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      08-31-2015, 09:33 AM   #272
New2Roundel
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I think this is great news---the more performance options on the market, the better it is for everyone (enthusiasts, that is!). I have no problem with Hyundai as a brand. Although I have an M, my SO has a Hyundai Tucson. We looked at a lot of different vehicles before she went with the Tucson--including a VW Tiguan, Acura RDX, and BMW X3. Those were definitely nice vehicles, but for her, not being into cars, the Hyundai was the perfect option. She doesn't want to deal with cars that need a lot of maintenance or have questionable reliability. She didn't want to deal with $100+ oil changes or tires/brake replacement costs that are not far off the price of a legit beater car. We've owned Tucson going on 5 years and almost 96k miles. It's had 2 unscheduled trips to the dealer, which is still pretty decent, IMO.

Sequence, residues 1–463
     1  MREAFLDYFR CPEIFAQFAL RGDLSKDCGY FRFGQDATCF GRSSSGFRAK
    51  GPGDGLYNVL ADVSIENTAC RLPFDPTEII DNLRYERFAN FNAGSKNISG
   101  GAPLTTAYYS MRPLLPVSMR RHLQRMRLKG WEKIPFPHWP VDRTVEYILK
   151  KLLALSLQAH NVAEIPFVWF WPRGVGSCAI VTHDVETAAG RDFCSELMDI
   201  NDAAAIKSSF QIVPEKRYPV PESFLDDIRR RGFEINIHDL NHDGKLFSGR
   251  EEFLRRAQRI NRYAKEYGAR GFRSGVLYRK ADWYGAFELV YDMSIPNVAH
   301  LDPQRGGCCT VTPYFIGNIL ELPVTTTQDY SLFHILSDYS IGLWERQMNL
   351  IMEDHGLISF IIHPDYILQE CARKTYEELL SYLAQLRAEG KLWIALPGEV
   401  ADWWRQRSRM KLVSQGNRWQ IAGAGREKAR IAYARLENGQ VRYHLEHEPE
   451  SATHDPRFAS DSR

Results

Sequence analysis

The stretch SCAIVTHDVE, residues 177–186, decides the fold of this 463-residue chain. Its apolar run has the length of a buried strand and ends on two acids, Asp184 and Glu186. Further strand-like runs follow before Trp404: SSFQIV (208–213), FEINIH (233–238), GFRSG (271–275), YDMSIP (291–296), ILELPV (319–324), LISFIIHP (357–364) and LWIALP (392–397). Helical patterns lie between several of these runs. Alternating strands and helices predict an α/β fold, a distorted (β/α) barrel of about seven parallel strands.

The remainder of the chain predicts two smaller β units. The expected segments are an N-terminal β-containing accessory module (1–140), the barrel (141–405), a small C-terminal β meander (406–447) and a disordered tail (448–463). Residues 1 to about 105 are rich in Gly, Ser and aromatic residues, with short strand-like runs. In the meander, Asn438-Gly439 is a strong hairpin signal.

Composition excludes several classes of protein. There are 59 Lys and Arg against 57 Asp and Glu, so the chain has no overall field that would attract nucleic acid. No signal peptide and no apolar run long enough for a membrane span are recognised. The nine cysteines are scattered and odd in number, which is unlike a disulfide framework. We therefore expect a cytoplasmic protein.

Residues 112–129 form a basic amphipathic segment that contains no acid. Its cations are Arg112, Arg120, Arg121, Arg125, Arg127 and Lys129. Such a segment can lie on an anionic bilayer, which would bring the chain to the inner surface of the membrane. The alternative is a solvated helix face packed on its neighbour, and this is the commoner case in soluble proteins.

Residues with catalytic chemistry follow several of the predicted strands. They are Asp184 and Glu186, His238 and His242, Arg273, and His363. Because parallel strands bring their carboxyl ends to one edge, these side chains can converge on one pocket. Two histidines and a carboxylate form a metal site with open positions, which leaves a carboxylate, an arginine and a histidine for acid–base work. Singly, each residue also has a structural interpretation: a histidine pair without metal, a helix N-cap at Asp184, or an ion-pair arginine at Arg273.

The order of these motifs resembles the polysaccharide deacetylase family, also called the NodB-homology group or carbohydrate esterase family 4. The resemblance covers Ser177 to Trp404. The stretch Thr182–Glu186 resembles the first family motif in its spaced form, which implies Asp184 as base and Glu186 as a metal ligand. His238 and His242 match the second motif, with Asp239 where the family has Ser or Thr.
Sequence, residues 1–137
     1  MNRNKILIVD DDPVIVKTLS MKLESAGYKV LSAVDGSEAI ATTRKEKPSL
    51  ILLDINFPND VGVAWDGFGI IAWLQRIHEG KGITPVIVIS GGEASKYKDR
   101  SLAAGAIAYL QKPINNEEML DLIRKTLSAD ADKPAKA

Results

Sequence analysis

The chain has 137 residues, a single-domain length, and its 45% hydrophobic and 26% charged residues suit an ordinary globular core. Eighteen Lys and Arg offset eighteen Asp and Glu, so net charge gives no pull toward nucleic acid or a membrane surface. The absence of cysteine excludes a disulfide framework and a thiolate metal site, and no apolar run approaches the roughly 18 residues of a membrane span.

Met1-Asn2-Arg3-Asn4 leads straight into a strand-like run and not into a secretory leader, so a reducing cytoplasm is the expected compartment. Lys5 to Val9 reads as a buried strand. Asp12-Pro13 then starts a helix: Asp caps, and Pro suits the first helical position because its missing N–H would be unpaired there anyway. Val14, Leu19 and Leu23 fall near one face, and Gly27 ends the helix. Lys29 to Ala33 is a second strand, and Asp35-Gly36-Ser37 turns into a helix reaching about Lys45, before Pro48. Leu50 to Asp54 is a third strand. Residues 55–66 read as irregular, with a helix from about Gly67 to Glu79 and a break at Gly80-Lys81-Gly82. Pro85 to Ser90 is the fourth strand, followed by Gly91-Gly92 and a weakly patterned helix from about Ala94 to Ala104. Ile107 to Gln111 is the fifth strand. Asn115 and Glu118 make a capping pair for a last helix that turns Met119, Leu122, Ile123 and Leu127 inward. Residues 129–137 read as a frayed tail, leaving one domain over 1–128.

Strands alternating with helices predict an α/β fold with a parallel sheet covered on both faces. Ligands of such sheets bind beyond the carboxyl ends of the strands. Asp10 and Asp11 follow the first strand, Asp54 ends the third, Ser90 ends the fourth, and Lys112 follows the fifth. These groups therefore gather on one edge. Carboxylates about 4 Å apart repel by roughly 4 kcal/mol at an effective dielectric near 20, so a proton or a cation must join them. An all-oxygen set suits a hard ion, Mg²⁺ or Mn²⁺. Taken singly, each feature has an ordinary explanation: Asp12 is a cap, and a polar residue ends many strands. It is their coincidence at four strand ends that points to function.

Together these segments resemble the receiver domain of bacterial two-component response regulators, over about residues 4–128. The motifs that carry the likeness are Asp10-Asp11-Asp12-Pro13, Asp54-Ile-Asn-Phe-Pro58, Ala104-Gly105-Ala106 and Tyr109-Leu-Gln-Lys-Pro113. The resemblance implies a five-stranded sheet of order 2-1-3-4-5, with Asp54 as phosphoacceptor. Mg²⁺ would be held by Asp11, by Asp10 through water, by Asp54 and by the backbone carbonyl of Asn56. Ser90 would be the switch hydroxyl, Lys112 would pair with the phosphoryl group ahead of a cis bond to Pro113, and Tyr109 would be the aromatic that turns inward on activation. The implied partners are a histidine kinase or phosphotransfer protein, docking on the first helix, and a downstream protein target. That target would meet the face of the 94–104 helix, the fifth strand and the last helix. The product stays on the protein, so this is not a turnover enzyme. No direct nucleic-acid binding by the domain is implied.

Now can hyundai offer something that's engaging to drive? I think so, but they need to be willing to let the engineers do their thing--as well as having the right engineers. Although I think anyone can make a powerful engine these days, there's still a bit of a challenge in the chassis side of things--and Hyundai, especially, has had a difficult time getting chassis tuning just right. Although, I think the Tucson is a great device for transportation, the suspension tuning is WAY too stiff for what it is. It rides like it's trying to be a mini Macan, but the actual handling and steering is not much better than average.

I applaud the company for committing to products with a bit more performance--I like the genesis coupe, but it's now officially old. As is it's prime competitor, the 370z. Hyundai is in a great position to leap ahead of the Z and go its own way.